Now suppose that you are trying to calculate how many students at Brigham Youn University drink beer. I give you a new piece of data that “only 15% of students at BYU drink beer.” The odds or likelihood that a given student is a beer drinker drops from 90% to 15%. The background information has changed.

Probability cannot be accurately surmised if we leave some background information out of our calculations.

For example, in evaluating whether God exists or not, many people will only focus on an objection like suffering in the world, the inability to explain God’s origin, God’s hiddenness, etc. and they will ignore the five very substantial arguments for God’s existence found on this website! Any honest evaluation MUST consider the full scope of the evidence!

A probability is only relevant in light of the background information it is based on.

So when someone gives us a probability, we should ALWAYS ask the question, “What background information is that based on?” or “In relation to what background information?” Do their calculations include every fact, or for example, are they excluding certain facts because of a presupposition that only natural explanations will be considered?

John Malkovich:
“I grew tired of religion sometime not long after birth. I believe in people, I believe in humans, I believe in a car, but I don’t believe something I can’t have absolutely no evidence of for millennia.”

Morgan Freeman:
“My belief system doesn’t support a creator as such, as we can call God, who created us in his/her/its image. Has anybody ever seen hard evidence?”

Our answer to this question would be, “Yes, we have.”


What would we consider to be “sufficient evidence” for the existence of God? Science philosopher David Berlinski describes how subjective that standard really is:
“By what standards might we determine that faith in science is reasonable, but faith in God is not? . . . The concept of sufficient evidence is infinitely elastic. It depends on context. Taste plays a role, and so does intuition, intellectual sensibility, a kind of feel for the shape of the subject, a desire to be provocative, a sense of responsibility, caution, experience, and much besides.”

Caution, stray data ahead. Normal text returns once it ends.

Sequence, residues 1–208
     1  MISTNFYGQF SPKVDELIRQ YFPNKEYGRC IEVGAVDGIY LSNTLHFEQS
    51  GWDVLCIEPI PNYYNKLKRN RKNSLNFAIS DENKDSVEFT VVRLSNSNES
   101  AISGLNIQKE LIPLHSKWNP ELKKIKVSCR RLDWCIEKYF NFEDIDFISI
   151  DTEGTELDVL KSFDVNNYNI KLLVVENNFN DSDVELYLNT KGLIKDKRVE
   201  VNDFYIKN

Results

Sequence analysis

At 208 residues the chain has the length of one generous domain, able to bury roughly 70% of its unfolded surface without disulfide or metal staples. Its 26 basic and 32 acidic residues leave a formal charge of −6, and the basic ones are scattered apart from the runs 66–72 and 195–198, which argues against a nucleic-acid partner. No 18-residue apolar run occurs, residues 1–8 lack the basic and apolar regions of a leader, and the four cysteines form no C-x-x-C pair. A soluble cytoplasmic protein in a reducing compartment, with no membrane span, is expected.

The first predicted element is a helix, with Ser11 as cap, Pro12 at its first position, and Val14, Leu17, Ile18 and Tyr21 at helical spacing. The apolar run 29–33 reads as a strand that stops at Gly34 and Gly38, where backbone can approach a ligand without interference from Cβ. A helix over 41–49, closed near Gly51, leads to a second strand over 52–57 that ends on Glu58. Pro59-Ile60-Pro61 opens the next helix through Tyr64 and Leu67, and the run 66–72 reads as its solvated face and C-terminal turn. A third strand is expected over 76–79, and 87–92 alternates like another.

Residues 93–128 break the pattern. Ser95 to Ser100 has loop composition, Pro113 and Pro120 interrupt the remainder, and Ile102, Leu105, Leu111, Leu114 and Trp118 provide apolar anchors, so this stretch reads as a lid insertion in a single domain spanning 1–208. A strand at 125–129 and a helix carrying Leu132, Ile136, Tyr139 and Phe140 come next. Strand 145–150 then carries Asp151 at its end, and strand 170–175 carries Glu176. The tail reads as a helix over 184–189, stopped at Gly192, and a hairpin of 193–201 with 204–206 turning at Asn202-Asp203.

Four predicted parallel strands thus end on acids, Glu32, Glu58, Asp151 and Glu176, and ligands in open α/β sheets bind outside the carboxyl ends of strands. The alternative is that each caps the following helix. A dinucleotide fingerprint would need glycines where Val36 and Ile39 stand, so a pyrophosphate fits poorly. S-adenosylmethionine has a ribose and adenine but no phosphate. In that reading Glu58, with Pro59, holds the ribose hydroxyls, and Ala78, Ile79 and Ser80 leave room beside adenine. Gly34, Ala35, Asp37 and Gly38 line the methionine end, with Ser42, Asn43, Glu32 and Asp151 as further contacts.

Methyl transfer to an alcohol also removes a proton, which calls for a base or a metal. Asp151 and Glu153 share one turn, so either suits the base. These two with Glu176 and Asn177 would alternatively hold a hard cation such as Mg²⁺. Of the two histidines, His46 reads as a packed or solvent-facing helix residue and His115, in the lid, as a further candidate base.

David Berlinski, The Devil’s Delusion: Atheism and It’s Scientific Pretensions (NY: Basic Books, 2009), 47-48.

Berlinski compares “faith in God” to “faith in science.” He has never seen a subatomic particle called a “neutrino,” yet there is a long series of inferences that leads him to believe it is probable that they exist:
“What I believe is a proposition, and so an abstract entity – that neutrinos have mass . . . I have, after all, never seen a neutrino: not one of them has ever gotten me to believe in it. The neutrino, together with almost everything else, lies at the end of an immense inferential trail, a complicated set of judgments. Believing as I do that neutrinos have mass – it is one of my oldest and most deeply held convictions . . .”
David Berlinski, The Devil’s Delusion: Atheism and It’s Scientific Pretensions (NY: Basic Books, 2009), 47-48.

David Berlinski uses “neutrinos,” a particle he has never seen, as an example of “evidence-based faith,” a phenomenon that he says we find in both science and religion.

Atheist Richard Dawkins rejects Berlinski’s idea that science often relies on faith founded on inference. Dawkins claims that the only kind of faith that exists is “blind faith” (i.e., an absence of evidence). Dawkins also says that this “blind faith” can only be found in religion, not in science.

However, we agree with Berlinski that evidence-based faith is apparent in both science and religion. If we asked most Christians about this, they would probably turn to Hebrews 11:1 in the Bible which says, “Faith is . . . the evidence of things not seen.” Just like neutrinos!


The Principle of Uniformity of Nature

Physicist Paul Davies states:
“Just because the sun has risen every day of your life, there is no guarantee that it will rise tomorrow. The belief that it will – that there are indeed dependable regularities of nature – is an act of faith, but one which is indispensable to the progress of science.”